According to the researchers the new clock so developed is more accurate than any of the atomic clocks ever developed and if somehow the clock is used to gauge the age of the universe, it would be able to do so with a precision of less than a second. The clock has been described in a paper uploaded to the preprint server arXiv.
The clock has been built by first building a lattice trap capable of capturing atoms using a laser and mirrors. The purpose of the lattice trap is to keep the atoms steady such that there is no frequency interference – the problem which is common with other atomic clocks. The lattice trap so built was filled with ytterbium atoms which were then shot at using a second laser to measure their frequencies. According to the team if the clock is allowed to run for 31 billion years it would only be off by less than a second.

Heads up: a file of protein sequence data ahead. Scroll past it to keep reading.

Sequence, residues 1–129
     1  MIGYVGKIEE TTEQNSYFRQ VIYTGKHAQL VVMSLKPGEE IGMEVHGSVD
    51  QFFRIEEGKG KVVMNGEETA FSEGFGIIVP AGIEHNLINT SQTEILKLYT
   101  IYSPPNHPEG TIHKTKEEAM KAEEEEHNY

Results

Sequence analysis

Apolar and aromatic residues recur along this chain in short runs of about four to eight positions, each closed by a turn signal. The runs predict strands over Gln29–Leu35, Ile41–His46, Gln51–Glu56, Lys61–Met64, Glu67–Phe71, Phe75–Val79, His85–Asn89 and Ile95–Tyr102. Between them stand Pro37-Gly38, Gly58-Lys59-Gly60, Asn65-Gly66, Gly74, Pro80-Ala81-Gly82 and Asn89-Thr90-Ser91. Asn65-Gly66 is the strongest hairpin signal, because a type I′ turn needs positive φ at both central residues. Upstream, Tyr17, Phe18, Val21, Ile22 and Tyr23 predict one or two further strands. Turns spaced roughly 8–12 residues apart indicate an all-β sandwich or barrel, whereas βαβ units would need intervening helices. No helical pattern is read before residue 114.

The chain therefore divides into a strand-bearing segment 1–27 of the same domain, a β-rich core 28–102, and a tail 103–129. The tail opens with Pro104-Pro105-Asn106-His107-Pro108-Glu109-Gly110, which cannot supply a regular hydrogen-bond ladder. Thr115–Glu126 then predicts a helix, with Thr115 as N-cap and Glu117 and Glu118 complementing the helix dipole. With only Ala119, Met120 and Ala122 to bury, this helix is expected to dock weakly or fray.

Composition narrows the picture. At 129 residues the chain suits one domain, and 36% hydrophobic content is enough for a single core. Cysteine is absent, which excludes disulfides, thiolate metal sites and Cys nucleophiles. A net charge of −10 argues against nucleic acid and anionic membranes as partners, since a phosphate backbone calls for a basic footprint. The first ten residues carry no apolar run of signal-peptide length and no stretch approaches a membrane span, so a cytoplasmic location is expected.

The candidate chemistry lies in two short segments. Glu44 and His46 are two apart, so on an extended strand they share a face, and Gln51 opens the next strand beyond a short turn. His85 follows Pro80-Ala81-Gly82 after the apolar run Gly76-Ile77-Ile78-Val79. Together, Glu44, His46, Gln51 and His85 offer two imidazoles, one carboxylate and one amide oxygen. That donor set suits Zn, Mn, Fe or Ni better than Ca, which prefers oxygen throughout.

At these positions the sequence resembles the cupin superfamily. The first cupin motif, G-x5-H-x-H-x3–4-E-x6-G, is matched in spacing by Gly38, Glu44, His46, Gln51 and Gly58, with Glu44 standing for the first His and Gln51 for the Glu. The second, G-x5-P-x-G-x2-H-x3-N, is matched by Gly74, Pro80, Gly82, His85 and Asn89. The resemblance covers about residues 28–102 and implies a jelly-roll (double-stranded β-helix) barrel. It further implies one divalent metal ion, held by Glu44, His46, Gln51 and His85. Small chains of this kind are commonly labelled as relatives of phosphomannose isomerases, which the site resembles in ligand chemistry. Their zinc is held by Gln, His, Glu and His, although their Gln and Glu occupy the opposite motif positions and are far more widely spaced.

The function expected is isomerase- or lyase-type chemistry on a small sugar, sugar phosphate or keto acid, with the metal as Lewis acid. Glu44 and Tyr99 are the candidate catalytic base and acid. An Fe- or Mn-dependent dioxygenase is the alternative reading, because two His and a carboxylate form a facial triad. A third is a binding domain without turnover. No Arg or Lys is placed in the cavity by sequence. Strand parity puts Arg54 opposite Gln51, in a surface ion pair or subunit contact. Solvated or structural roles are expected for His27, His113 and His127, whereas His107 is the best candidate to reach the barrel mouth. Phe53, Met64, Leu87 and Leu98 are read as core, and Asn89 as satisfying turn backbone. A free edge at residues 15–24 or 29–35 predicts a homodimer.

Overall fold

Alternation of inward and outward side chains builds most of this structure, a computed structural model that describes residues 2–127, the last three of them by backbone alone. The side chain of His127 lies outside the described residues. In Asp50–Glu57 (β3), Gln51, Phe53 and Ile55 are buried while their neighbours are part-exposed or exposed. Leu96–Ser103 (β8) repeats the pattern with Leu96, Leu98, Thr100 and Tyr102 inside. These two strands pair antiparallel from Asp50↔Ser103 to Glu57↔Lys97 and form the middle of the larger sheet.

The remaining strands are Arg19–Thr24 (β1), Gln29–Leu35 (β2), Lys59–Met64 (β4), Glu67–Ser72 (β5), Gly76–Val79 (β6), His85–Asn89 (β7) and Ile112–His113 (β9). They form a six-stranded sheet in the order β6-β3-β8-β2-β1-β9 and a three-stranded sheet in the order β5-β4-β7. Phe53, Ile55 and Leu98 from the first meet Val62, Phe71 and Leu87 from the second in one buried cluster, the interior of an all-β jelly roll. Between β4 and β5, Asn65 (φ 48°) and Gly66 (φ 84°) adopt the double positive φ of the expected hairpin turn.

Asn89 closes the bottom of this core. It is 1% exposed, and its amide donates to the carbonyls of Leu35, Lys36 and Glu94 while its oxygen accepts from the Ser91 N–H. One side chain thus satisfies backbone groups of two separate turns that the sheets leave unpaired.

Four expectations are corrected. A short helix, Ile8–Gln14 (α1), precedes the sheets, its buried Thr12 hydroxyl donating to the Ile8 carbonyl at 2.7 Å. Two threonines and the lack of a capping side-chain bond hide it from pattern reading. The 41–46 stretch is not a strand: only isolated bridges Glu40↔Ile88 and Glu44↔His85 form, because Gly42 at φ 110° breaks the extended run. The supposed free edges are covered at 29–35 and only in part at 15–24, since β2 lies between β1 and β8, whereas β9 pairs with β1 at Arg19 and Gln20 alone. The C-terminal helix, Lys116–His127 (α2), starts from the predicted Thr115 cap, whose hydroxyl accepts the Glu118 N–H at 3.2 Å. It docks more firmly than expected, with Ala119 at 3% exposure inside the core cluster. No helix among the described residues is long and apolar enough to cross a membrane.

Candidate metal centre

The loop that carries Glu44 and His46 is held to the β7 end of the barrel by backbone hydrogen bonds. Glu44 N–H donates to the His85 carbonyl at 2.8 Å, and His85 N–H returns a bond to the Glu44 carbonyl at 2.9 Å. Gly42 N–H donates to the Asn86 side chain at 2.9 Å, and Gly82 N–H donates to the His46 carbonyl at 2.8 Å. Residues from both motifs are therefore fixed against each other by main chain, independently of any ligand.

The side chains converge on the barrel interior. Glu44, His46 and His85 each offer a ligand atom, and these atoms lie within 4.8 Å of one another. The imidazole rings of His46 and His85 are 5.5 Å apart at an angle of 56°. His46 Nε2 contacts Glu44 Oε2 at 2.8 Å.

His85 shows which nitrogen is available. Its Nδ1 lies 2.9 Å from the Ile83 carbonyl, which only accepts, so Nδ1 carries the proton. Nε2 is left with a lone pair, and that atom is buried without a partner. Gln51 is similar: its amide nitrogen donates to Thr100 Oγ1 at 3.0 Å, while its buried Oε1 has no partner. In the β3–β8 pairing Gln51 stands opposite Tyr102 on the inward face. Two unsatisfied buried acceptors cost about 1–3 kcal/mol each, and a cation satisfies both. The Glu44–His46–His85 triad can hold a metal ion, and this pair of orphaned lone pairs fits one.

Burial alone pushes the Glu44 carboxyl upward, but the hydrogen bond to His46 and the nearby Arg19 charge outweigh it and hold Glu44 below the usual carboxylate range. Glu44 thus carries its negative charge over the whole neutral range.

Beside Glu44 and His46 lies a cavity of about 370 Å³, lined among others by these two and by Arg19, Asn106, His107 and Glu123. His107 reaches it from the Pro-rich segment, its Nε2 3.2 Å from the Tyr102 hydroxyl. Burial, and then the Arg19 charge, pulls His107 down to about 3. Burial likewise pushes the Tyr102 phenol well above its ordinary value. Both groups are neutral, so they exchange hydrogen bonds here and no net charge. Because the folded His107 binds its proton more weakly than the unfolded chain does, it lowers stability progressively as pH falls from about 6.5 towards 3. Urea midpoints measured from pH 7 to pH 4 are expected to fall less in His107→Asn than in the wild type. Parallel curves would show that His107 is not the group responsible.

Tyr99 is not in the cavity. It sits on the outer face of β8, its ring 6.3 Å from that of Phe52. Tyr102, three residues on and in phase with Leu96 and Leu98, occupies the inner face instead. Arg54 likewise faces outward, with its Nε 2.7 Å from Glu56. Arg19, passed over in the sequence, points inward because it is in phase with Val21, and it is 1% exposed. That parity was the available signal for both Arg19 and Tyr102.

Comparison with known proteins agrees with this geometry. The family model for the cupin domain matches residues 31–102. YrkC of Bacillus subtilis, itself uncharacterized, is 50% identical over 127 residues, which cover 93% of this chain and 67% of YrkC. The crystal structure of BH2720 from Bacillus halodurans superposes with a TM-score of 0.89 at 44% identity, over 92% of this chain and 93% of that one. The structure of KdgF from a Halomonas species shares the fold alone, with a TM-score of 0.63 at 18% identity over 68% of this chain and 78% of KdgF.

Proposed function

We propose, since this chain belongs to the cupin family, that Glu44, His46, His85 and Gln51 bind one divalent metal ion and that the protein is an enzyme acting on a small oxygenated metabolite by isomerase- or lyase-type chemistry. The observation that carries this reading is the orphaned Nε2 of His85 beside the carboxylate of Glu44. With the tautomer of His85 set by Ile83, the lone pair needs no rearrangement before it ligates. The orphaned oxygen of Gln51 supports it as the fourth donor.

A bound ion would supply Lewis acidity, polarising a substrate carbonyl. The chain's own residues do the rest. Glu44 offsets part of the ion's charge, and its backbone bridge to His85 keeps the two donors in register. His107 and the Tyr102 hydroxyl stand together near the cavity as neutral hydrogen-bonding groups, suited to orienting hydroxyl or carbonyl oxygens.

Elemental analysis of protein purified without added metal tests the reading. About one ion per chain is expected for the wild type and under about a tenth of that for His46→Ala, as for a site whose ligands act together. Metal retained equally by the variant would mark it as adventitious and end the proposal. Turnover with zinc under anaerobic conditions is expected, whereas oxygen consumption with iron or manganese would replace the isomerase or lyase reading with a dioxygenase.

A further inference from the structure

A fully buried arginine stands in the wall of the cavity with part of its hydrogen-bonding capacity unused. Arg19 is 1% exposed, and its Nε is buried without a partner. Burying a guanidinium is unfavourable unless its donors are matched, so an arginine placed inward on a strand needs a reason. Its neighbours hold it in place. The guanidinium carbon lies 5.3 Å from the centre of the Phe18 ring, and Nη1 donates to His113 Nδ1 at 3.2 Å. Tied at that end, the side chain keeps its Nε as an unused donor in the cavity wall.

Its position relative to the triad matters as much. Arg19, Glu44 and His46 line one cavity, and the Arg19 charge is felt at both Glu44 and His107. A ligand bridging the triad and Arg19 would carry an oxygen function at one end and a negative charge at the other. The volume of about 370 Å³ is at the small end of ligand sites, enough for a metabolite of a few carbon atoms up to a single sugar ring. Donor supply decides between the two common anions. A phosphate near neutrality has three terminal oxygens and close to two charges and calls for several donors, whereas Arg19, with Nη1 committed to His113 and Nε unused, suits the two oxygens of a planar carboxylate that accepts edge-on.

There is an issue though. How would one ensure that the clock so built is as accurate as it claims to be? Researchers, in a bid to measure the accuracy, built another clock exactly as the first one and then compared the two. They ran both the clocks for a short period of time to check if they came up with the same time duration. The results! Both the clocks reported same results.
The clock will be used in applications such as hydrology, geology and would allow physicists to carry out tests to find out if things like gravitational red shift change with position.